The best part of David Lynch’s ‘Dune’ movie is the House Atreides pug

Kyle MacLachlan as Paul Atreides in the 1984 version of 'Dune.'
Kyle MacLachlan as Paul Atreides in the 1984 version of ‘Dune.’ Universal Pictures
  • David Lynch’s 1984 version of “Dune” isn’t perfect, but the highlight of the film is the pug.
  • The dog, part of House Atreides, appears in numerous scenes, and even goes into battle.
  • Herbert’s 1965 book didn’t feature the pug, and neither does Denis Villeneuve’s new adaptation.

Few things bring me greater joy than the random pug in David Lynch’s 1984 adaptation of “Dune.”

Cheerful, adorable, and somewhat unnecessary, the pug is a member of the noble House of Atreides, and seems to be the faithful companion to both Duke Leto (Jurgen Prochnow) and his son, Paul (Kyle MacLachlan).

Viewers first see the dog while the Atreides are still on their home planet of Caladan, and he remains with the family as they travel to and arrive on the desert planet Arrakis.

Kyle MacLachlan, Jurgen Prochnow, and Francesca Annis in the 1984 version of 'Dune.'
Jurgen Prochnow and Francesca Annis in the 1984 version of ‘Dune.’ Universal Pictures

The pug is even present during the Harkonnen and Sardaukar attack on Atreides-held Arrakis. During a particularly memorable scene, Gurney Halleck (Patrick Stewart) leads a battalion of Atreides soldiers into the melee with the pug strapped to his chest.

Patrick Stewart (center) with the pug in the 1984 version of 'Dune.'
Patrick Stewart (center) with the pug in the 1984 version of ‘Dune.’ Universal Pictures

And although most of the Atreides forces are killed during the battle, the pug somehow survives, making his final appearance during Paul’s dramatic knife fight with Feyd-Rautha (Sting) at the end of the movie.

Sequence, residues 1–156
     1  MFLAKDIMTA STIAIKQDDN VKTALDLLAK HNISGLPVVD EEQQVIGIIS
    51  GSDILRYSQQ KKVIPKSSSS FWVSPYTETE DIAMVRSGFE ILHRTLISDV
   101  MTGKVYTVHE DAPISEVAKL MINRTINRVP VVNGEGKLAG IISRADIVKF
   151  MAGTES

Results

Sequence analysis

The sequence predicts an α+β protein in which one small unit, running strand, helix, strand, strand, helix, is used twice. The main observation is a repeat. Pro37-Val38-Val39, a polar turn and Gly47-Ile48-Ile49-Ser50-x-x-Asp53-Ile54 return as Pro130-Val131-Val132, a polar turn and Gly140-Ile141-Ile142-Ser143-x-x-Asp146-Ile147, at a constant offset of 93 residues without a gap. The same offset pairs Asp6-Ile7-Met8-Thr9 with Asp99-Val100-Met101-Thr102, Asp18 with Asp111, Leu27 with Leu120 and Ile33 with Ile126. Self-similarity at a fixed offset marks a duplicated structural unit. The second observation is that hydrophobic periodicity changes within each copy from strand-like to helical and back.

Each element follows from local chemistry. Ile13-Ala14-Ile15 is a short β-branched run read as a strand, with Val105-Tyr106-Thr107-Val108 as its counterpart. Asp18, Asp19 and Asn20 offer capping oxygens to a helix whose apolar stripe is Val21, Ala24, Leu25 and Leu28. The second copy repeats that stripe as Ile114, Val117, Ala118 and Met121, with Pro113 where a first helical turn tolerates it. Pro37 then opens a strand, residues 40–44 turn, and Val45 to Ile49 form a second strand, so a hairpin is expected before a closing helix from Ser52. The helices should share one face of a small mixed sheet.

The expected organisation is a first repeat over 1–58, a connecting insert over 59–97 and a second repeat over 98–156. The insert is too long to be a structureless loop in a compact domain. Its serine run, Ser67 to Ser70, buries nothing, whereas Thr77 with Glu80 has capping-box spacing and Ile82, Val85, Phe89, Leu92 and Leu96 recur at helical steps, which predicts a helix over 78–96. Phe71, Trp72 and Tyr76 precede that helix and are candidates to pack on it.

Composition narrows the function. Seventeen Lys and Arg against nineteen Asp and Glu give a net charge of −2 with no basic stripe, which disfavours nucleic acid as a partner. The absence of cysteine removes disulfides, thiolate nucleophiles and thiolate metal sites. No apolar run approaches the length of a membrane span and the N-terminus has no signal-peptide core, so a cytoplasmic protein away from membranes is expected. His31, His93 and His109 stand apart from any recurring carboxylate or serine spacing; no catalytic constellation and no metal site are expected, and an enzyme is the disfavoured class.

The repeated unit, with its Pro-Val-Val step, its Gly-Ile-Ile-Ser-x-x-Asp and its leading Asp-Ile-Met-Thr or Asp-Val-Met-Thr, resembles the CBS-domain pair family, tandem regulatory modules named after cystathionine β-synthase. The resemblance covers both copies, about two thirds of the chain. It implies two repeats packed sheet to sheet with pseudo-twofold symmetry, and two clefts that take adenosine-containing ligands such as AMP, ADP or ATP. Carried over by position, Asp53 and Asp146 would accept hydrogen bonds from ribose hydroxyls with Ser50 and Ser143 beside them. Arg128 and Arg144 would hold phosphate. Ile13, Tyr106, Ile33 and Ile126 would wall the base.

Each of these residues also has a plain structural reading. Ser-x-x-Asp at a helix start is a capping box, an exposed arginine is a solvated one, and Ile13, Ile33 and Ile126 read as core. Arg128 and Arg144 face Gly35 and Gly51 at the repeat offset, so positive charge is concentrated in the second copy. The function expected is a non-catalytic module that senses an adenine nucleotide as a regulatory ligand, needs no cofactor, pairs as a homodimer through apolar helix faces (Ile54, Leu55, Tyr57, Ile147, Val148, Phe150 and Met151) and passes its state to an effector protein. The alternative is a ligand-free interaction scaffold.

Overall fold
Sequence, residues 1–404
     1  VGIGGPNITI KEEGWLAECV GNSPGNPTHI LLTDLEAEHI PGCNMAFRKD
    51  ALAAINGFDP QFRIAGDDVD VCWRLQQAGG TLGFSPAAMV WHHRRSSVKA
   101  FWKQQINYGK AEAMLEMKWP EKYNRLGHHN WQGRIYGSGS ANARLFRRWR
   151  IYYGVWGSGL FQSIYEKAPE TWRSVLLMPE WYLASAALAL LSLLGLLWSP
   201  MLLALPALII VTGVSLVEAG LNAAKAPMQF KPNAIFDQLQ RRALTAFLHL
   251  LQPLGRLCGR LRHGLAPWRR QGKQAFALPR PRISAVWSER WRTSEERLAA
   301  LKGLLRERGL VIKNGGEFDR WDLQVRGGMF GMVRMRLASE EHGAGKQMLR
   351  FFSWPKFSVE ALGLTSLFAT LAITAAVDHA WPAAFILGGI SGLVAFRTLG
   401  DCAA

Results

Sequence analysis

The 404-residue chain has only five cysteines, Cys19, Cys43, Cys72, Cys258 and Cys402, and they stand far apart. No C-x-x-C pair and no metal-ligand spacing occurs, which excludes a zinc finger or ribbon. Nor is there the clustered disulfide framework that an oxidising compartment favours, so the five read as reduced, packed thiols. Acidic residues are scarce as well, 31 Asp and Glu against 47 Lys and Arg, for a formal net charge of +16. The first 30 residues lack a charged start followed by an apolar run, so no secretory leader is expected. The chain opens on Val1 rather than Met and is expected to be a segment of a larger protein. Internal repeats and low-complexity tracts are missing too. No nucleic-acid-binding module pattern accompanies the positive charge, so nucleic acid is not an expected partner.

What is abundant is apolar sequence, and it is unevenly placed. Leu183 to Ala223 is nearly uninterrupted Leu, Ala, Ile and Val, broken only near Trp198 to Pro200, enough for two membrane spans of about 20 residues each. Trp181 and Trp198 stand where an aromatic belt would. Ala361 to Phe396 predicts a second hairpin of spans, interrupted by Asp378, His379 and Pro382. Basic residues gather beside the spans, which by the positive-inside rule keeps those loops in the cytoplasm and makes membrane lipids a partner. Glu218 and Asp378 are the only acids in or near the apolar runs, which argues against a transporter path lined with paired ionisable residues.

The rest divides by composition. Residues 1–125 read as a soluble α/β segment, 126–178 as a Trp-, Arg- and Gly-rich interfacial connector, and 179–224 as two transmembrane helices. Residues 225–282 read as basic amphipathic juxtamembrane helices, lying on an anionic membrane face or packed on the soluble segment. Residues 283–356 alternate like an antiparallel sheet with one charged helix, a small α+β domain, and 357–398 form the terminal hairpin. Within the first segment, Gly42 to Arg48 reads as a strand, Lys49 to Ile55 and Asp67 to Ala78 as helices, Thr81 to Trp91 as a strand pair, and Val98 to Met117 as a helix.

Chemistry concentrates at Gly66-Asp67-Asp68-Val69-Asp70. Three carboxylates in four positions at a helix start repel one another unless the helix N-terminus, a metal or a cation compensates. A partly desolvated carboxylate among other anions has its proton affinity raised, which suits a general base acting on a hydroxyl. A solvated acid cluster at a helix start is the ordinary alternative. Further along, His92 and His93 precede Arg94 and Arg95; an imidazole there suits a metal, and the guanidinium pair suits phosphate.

As a diehard fan of “Dune,” I’ve long wondered why the pug was included in Lynch’s film. The filmmaker himself has never really explained why he chose to feature the pup (Lynch later disavowed the film entirely), and there’s no mention of an Atreides pug in Frank Herbert’s 1965 novel, which provided the source material for Lynch’s “Dune” and Denis Villeneuve’s brilliant new adaptation, out October 22.

Maybe the pug in Lynch’s version was meant to be a historical reference, since, according to the American Kennel Club, pugs were first bred for emperors of ancient China and their courts, and were later favored by monarchies in Holland and Britain.

It’d make sense, then, that the Atreides would have a pug as a pet – even though “Dune” takes place thousands of years in the future, the Atreides family is still considered high-ranking members of the Imperial court, and a powerful House in their own right.

But even if that was the rationale for including the pug, his inclusion in the film’s key scenes still raises more questions than answers. For instance, would seasoned warrior Gurney really carry the pug into battle? How did the pug survive the fall of House Atreides and Paul’s journey amongst the Fremen to become the Kwisatz Haderach? Do other Houses in “Dune” have dogs?

It seems like the significance of the pug in the 1984 “Dune” will remain a fun little mystery for now. Regardless, it’s a joy to see him trotting through the halls of the Atreides family palace on Caladan, or sitting calmly on Paul’s lap as the family travels to Arrakis in a spaceship. And the dog playing Pug Atreides seems like an absolute delight, taking his responsibilities as an actor as seriously as his costars in Lynch’s “Dune.”

While the pug would have been (unfortunately) out of place in Villeneuve’s epic, awe-inspiring adaptation, Lynch’s film is already hilariously campy – the jovial House Atreides pug is simply the cherry on top.